#####.###.....#.#.########
##########################
##########################
##########################
##########################
```

It became clear that this was not the case, but from this we could identify the first and last four rows and columns as probably not containing any data. We therefore proceeded to ignore them from here on. The two middle columns were also suspicious, since they alternated between containing two zeros and two ones. They might be a form of divider, but we were not sure of this at that point.

For the remaining 36 rows of 18 symbols each, we tried to come up with codes to interpret them as. We tried reading them as zeros and ones and interpreting them as binary/ASCII, but this failed at this step. Therefore, we looked into more visual codes like QR codes and Data Matrix because the two middle columns reminded us of finder patterns in those kinds of code.

### Knitting knowledge needed

At this point, we had to take a step back and take a look at the provided information again. The note at the start of the challenge caught our eye, which mentioned the project being worked flat and therefore having to differentiate between even and odd lines.

It now became clear that we had to actually use our (admittedly limited) knitting knowledge, especially two points:

- Knitting projects that are worked flat need to be flipped horizontally after every line is finished, so that one can always knit a row from left to right.
- When looked at from the reverse, a knit stitch will look like a purl stitch and vice versa. This becomes interesting when flipping the work as described above.

This means that if we were to actually knit the instructions, it would not look like our first sketch. Instead, every second line would have to be reversed and the symbols inverted to make up for the flipping of the project. Additionally, one has to read the lines from last to first, since the last knitted line will be the one on top of the finished work.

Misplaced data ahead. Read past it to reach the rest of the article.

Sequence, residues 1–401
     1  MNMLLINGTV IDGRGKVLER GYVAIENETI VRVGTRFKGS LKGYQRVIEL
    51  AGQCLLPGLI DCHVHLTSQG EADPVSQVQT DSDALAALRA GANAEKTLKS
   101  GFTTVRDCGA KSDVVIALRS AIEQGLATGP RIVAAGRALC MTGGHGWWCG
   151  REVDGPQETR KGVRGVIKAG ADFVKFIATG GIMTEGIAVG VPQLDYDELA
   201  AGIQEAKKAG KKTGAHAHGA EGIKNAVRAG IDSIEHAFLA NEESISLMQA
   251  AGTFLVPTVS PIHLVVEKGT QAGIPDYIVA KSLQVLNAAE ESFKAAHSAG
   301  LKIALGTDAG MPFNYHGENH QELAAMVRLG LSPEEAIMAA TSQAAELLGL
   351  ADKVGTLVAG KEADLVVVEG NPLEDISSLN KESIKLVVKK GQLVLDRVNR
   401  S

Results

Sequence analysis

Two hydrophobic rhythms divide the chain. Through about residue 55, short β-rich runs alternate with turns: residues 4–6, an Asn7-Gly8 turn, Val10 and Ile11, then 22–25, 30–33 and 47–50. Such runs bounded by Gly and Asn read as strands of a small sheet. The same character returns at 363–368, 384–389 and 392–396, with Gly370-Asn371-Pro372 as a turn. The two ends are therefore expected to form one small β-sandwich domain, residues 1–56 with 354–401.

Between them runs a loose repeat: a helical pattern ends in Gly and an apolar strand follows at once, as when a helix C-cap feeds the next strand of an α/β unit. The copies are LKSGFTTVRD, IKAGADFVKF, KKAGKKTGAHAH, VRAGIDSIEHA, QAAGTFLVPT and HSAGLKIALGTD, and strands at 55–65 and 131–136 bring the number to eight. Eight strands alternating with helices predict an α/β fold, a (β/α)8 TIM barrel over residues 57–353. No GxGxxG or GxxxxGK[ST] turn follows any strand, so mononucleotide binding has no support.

For those transformations, we wrote a small python script:

```
filename = 'output-binary.txt'
fileout = 'output-visual.txt'
with open(filename, 'r') as file:
lines = file.readlines()
# read lines from last to first
lines = lines[::-1]
for i in range(1, len(lines), 2):
# reverse every second line except for last character (newline)
lines[i] = lines[i][0:][::-1] + lines[i][-1]
# invert every second line
lines[i] = ''.join(['0' if x == '1' else '1' if x == '0' else '' for x in lines[i]]) + '\n'
with open(fileout, 'w') as out:
for i in range(len(lines)):
out.write(''.join(lines[i]))
```

Note that `input-binary.txt`

contains our above visualization, but with every `#`

replaced by a 0 and every `.`

replaced by a 1. We visualized this output in a conditionally formatted spreadsheet:

Here, we can clearly see that our assumptions about the first and last four rows and columns were correct. If we interpret the middle two columns as a divider, the result is two separated bytes per row, all of which conveniently start with a 0. Is this now the ASCII we were looking for?

Turns out, Cyberchef agrees and yields the flag to us!